date. The Basil Fawlty-type character was later softened but the TV
account subsequently moved to M&C Saatchi.
Ford Ka We all know that Ogilvy & Mather doesn’t need reminding about
this spot, given that it subsequently lost the account, but the Ka ad
comparing the marque to a football boot was a stinker. No pan-Euro
dubbed import can be as bad as this, made as it was by a local agency
which thinks it’s good.
Bernard Matthews A true turkey in every sense. An eternal warning to
every client - don’t believe you can do the ad best and browbeat your
agency into agreeing.
’Bootiful’ Bernard Matthews should have been locked in a hen coop and
the key thrown away to keep him from laying such eggs.
One2One What could have tempted the talented Robert Lindsay to appear as
Beatrice Dalle’s luckless lover in this dire mini soap? Surely only
large amounts of folding stuff. Thankfully, this contrived 1993 campaign
from Woollams Moira Gaskin O’Malley lasted only 20 months.
The Express In which an energetic ’editor’ (who bears no resemblance to
Rosie Boycott) and her staff run around the office in mid-editorial
conference. A mystifying endline, ’full speed ahead’, wrapped up this
turkey from the client which got through three agencies in a year.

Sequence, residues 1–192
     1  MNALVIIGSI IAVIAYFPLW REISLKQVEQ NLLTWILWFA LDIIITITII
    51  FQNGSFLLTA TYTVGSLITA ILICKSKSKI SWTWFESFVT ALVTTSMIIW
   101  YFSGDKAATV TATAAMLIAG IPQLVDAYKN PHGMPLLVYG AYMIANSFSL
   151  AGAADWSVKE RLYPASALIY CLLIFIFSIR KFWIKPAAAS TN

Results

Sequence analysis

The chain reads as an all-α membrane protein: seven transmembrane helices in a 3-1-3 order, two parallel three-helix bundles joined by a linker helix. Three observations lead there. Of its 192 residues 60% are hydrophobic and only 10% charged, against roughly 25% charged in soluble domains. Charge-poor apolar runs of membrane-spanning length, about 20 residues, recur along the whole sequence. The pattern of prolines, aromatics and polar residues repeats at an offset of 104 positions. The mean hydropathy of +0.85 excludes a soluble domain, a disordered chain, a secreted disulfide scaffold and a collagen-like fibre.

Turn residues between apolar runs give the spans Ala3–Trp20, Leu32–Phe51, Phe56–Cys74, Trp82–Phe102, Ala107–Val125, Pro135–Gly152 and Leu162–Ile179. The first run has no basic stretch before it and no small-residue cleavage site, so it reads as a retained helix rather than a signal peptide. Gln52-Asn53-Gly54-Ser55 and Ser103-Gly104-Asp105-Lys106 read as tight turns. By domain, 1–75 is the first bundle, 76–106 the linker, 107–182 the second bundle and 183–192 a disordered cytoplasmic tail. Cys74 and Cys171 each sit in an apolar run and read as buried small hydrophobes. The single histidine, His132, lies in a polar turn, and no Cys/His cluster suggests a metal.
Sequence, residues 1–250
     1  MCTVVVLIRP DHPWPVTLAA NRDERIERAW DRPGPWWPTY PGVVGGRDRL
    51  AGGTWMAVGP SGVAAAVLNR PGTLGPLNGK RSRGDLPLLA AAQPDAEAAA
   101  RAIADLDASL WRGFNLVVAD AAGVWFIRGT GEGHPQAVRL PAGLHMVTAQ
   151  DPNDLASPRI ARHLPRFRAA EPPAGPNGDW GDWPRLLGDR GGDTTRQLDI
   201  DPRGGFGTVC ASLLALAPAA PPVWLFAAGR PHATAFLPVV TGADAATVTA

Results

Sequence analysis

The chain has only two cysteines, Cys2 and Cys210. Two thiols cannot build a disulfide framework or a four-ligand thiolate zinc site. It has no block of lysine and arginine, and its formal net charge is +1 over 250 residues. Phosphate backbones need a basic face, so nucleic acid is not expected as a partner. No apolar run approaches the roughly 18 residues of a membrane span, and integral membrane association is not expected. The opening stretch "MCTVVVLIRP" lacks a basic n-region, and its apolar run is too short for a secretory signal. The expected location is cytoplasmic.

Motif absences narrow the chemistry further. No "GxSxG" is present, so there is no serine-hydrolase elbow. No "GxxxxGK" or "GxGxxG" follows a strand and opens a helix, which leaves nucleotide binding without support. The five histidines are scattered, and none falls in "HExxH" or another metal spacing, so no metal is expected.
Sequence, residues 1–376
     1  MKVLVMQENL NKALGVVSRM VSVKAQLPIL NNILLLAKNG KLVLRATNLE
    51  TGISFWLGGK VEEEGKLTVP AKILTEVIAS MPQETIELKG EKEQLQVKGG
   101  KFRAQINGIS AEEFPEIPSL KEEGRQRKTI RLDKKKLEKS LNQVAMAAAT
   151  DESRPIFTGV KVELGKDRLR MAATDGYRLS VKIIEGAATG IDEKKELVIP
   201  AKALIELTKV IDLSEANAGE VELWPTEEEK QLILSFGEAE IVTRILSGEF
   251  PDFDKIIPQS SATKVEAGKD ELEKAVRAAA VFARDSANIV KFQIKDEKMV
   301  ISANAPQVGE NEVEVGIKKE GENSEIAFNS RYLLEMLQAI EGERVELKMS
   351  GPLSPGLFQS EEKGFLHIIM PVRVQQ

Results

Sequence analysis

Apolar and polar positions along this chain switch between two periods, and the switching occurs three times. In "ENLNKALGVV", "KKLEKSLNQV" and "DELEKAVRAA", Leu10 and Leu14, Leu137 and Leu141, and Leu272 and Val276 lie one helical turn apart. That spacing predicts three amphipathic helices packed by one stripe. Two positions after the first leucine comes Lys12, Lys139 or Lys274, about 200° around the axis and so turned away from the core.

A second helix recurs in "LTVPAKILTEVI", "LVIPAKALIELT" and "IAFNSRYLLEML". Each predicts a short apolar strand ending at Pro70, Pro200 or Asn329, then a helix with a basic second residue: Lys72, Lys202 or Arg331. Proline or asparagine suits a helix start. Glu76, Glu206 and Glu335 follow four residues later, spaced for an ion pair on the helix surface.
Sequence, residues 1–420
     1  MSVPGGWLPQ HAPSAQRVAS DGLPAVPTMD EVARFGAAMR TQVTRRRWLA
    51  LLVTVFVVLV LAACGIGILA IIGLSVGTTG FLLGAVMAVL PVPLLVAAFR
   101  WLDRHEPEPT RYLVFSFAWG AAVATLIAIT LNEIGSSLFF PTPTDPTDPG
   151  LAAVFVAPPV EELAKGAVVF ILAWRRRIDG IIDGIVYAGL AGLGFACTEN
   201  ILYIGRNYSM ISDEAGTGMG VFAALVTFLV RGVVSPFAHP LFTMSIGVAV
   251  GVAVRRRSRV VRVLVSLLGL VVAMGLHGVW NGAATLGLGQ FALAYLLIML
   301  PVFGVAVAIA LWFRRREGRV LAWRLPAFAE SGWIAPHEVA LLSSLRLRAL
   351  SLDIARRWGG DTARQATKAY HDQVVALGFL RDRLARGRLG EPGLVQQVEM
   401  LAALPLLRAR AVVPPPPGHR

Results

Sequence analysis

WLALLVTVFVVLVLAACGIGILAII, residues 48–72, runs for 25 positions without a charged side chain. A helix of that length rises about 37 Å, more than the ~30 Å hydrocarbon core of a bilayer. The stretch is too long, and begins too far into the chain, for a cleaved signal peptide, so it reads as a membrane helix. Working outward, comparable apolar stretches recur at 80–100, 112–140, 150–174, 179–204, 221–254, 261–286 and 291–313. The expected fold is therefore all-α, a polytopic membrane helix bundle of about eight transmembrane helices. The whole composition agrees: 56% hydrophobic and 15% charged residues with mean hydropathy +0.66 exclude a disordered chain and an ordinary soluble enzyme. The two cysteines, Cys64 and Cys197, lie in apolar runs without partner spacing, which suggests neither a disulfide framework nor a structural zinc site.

Rover 600 An exchange of two political prisoners at what appears to be a
Kurdistan border. Realistic footage of tribesmen and a hostage with a
rag round his eyes who ends up patting the white leather interior of the
car. Nul points to Ammirati Puris Lintas for a questionable choice of
BHS ’Live your lives in style,’ said this naff Bhs ad by Saatchi &
Saatchi, in which women transmogrify into, well, other women. That was
the technical stuff: more important was how this campaign made you feel
about the brand. People didn’t really feel much. They just watched it
and returned to the Gap.
United Airlines Having signed Marlon Brando for the voiceover, you’d
have thought United Airlines would have got something better for its
bucks than this Young & Rubicam-inspired attempt to give the carrier
true global stature. One of the most patronising examples of US
South African Airways A woman who goes into labour mid-flight gives
birth as effortlessly as a flight attendant bobbing around with the
drinks trolley. Observers marvelled over a) why she was flying when
heavily pregnant, and b) how one delivers a baby without a modicum of
Allied Dunbar Written and art directed by John Hegarty, BBH’s ad for
Allied Dunbar came under fire from the homeless charity, Shelter.
The spot showed an Allied Dunbar rep apparently talking to a tramp. As
the ad develops, it becomes clear she is talking to an actor playing a
dancing tramp in a musical. A swift re-editing followed.
Too shameful to picture ... the RAC’s two-and-a-half minute
’docu-mercials’ wherein boffins and environmentalists muse on the future
of the planet ... the unblinking blonde who learned English in a
language laboratory for Tic Tac ... American Airlines’ ’eagle’: yes, you
really did see people flying across the Atlantic on a giant
eagle ... ’helicopter girl’ for L’Oreal ... Saatchis’ 1997 ad for
Cheltenham & Gloucester in which a voiceover says something about the
need to move quickly, while the visuals show an Eskimo lad meeting up
with Bigfoot. Mystifying, even for the financial services category,
where the brief is always the same: ’Tell people we’re very big and
we’re very nice ...’.